Date of Award


Document Type


Degree Name

Doctor of Philosophy (PhD)


Planning, Design, and the Built Environment

Committee Chair/Advisor

Anjali Joseph, Committee Chair

Committee Member

William Bridges

Committee Member

David Allison

Committee Member

June Pilcher


Heart disease is the leading cause of death in the United States. Being diagnosed with heart disease can lead to depression, anxiety, sleep disruption, and delirium symptoms, which can cause prolonged hospital stays among patients. Evidence suggests that the presence of daylight and window views can influence these symptoms positively. However, no studies to date have differentiated the impact of daylight from window views on heart disease patients or addressed how window use can impact patient recovery in cardiac intensive care units (CICUs).

This IRB-approved study employed a retrospective and prospective quasiexperimental approach to investigate CICU rooms of the same size with daylight and views (patient bed parallel to the full-height, south-facing window), rooms with daylight and no views (patient bed perpendicular to the window), and windowless rooms. The first phase of the study entailed analyzing retrospective data between 2015 to 2019. In the second phase, 21 CICU patients were recruited through purposive sampling. Data regarding depression/anxiety, sleep quality, and lighting were collected prospectively through questionnaires, actigraphy, and data loggers. Linear regression models were developed for each outcome of interest to control for confounding variables.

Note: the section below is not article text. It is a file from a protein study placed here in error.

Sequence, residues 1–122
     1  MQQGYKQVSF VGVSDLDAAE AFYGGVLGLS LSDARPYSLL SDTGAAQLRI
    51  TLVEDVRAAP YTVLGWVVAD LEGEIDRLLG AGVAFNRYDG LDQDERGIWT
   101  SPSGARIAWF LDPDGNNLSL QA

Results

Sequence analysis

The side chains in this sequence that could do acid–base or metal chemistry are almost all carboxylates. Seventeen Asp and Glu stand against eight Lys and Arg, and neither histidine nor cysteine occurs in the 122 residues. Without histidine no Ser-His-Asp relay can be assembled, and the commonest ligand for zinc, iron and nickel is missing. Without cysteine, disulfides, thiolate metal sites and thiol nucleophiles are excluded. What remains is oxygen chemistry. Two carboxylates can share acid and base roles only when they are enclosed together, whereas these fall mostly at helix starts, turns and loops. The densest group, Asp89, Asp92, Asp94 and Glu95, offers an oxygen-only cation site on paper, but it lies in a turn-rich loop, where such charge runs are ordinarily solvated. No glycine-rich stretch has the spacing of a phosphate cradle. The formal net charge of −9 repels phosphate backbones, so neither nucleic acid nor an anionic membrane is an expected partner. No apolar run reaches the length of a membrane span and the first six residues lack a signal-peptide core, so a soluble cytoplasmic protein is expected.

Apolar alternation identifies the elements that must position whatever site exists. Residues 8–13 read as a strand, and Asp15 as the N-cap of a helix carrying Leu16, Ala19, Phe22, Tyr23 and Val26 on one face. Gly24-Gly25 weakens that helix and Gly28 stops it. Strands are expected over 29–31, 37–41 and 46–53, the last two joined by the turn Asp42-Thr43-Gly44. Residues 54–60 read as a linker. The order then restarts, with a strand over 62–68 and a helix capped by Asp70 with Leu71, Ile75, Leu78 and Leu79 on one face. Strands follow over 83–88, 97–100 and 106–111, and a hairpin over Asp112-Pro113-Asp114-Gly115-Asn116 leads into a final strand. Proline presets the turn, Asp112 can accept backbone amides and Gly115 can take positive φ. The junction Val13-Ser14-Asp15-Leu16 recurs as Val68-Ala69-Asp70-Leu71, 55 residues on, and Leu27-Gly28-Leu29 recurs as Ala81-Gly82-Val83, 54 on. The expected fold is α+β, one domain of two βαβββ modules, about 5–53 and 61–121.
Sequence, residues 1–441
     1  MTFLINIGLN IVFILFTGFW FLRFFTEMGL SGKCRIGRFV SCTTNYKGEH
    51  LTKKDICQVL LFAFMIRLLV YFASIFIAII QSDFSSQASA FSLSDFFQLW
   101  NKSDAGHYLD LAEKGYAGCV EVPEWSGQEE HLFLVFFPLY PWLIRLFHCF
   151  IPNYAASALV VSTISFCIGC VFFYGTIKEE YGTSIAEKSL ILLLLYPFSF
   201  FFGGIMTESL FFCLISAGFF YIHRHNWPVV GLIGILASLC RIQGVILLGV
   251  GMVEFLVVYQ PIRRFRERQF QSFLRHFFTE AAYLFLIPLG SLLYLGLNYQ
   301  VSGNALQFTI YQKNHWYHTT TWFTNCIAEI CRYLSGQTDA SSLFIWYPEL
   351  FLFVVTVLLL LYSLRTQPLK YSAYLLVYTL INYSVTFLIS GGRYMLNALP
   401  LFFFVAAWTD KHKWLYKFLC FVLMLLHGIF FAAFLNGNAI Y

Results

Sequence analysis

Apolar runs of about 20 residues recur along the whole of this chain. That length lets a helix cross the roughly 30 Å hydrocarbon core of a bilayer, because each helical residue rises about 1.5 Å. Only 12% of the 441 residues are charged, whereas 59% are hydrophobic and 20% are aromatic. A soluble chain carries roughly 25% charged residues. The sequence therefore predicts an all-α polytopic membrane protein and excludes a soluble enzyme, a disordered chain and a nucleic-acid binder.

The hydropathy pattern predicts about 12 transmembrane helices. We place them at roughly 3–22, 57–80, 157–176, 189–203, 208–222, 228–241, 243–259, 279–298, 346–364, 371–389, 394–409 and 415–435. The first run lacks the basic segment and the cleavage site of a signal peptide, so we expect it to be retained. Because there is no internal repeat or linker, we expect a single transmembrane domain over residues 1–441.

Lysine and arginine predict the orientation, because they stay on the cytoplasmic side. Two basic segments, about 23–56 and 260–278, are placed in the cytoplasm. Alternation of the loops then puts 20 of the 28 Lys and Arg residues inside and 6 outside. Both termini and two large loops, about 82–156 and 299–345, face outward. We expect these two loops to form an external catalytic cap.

Based on the results, rooms with windows supported patient recovery in general; however, rooms with daylight and views significantly reduced patients’ typical CICU LOS compared to the windowless rooms. While room type was not significantly associated with mortality and delirium, patients receiving palliative care and opioid medications in rooms with daylight and views had significantly lower odds of mortality and delirium than other iii patients. In phase two, the availability of daylight in windowed rooms significantly improved CICU patients’ perceived sleep quality. Patients in windowed rooms also reported a lower average anxiety/depression score; however, the difference was not statistically significant. Moreover, higher light levels in rooms significantly reduced analgesic intake and improved actigraphic sleep efficiency among patients.

This study helps architects with design decisions regarding CICU room layouts by indicating the bed orientation that best supports patient recovery. Identifying the type of patients who benefit most from direct access to daylight and views can also help CICU stakeholders with patient assignments and hospital training programs.



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